Michael Flynn arrives at the courthouse. Photo: Susan Walsh / AP

The APNewsAlert came at 1:51 a.m.: "Senate narrowly OKs near-$1.5 trillion tax bill, pushing President Trump and GOP close to year's biggest legislative win."

Being there: "Presiding over the Senate, Vice President Pence announced the 51-49 vote to applause from Republicans."

"Sen. Bob Corker (R-Tenn.) was the only lawmaker to cross party lines, joining the Democrats in opposition."

"The measure focuses its tax reductions on businesses and higher-earning individuals, gives more modest breaks to others and offers the boldest rewrite of the nation's tax system since 1986."

And yet, this huge accomplishment — even many Republicans long doubted that the Senate would finish its version this year — will be a footnote in news coverage and the national consciousness, blotted out by the massive new legal threat to the White House.

  • Be smart: The White House talking point has been that special counsel Bob Mueller is running a narrow probe that'll be done by Thanksgiving, or for sure by the end of the year. With many choices for offenses that former Trump national security adviser Michael Flynn could have pleaded to, Mueller picked the bullseye: Russia.

Inside the West Wing, conversations by Jonathan Swan and me show there's anxiety and fear among Trump confidants:

  • Flynn is clearly desperate, legally, personally and financially. He has been broken by Mueller. And he was at Trump's side during both the campaign and the first three weeks in the White House.
  • No one knows what the decorated Army general will unload. And despite Flynn's credibility problems, Mueller clearly believes he has something substantial to offer, possibly going to the heart of the White House.

N.Y. Times Quote of the Day ... Michael Flynn statement: "I recognize that the actions I acknowledged in court today were wrong, and, through my faith in God, I am working to set things right."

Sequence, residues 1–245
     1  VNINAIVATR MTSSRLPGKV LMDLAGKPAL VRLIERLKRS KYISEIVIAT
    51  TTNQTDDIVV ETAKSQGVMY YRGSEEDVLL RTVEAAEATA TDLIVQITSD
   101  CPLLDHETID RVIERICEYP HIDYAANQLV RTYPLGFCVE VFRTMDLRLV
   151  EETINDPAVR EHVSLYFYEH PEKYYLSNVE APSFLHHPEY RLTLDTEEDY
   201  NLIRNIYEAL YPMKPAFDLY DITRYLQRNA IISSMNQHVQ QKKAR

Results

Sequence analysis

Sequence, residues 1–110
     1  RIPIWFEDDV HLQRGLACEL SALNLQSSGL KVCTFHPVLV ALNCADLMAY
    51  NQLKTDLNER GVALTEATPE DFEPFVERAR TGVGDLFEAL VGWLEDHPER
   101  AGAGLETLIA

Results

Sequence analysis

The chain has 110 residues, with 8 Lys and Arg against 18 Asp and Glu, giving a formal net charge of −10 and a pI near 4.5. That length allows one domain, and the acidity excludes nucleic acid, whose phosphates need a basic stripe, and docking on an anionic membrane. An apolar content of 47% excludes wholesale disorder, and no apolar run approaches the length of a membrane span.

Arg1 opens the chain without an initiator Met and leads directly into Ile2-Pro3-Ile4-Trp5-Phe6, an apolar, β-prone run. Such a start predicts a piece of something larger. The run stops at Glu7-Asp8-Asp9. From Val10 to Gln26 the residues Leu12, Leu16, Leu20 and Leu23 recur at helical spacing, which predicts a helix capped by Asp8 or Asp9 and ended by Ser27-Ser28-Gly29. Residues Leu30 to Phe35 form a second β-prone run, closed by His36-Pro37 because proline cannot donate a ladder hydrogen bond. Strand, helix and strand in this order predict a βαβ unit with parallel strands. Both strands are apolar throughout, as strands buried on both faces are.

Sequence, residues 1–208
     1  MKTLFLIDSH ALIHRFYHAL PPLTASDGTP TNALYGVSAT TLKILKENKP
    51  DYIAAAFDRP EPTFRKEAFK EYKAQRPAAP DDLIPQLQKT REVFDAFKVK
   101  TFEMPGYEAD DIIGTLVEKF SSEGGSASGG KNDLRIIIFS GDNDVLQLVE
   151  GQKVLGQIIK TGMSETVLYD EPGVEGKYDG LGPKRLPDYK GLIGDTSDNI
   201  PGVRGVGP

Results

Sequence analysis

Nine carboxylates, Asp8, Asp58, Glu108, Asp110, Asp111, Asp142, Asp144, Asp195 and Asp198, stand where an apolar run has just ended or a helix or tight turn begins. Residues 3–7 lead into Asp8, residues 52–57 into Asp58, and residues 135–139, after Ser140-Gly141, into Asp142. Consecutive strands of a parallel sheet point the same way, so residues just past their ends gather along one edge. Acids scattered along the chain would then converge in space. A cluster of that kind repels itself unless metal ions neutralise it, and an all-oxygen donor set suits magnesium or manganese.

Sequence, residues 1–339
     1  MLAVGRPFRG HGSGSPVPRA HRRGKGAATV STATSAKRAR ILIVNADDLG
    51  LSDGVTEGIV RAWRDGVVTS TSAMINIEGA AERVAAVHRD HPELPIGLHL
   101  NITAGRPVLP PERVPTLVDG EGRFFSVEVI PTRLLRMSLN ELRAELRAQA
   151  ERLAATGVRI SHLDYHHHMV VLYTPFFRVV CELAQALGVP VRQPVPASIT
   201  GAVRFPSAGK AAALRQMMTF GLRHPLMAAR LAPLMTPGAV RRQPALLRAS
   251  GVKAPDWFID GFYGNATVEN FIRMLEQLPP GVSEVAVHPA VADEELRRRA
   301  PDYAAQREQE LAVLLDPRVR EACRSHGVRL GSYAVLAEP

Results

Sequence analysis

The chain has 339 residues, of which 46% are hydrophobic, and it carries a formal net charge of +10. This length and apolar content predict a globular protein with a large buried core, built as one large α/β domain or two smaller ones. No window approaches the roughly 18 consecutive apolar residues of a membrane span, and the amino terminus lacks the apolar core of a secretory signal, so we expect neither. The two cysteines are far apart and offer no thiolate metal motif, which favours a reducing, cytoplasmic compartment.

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Updated 49 mins ago - Politics & Policy

Coronavirus dashboard

Illustration: Sarah Grillo/Axios

  1. Global: Total confirmed cases as of 9:45 p.m. ET: 19,282,972 — Total deaths: 718,851 — Total recoveries — 11,671,491Map.
  2. U.S.: Total confirmed cases as of 9:45 p.m. ET: 4,937,441 — Total deaths: 161,248 — Total recoveries: 1,623,870 — Total tests: 60,415,558Map.
  3. Politics: Trump says he's prepared to sign executive orders on coronavirus aid.
  4. Education: Cuomo says all New York schools can reopen for in-person learning.
  5. Public health: Surgeon general urges flu shots to prevent "double whammy" with coronavirus — Massachusetts pauses reopening after uptick in coronavirus cases.
  6. World: Africa records over 1 million coronavirus cases — Gates Foundation puts $150 million behind coronavirus vaccine production.

Warren and Clinton to speak on same night of Democratic convention

(Photos: Abdulhamid Hosbas/Anadolu Agency via Getty Images, Sean Rayford/Getty Images)

Sen. Elizabeth Warren and Hillary Clinton both are slated to speak on the Wednesday of the Democratic convention — Aug. 19 — four sources familiar with the planning told Axios.

Why it matters: That's the same night Joe Biden's running mate (to be revealed next week) will address the nation. Clinton and Warren represent two of the most influential wise-women of Democratic politics with the potential to turn out millions of establishment and progressive voters in November.

Trump considering order on pre-existing condition protections, which already exist

Photo: Jim Watson/AFP via Getty Images

President Trump announced on Friday he will pursue an executive order requiring insurance companies to cover pre-existing conditions, something that is already law.

Why it matters: The Affordable Care Act already requires insurers to cover pre-existing conditions. The Trump administration is currently arguing in a case before the Supreme Court to strike down that very law — including its pre-existing condition protections.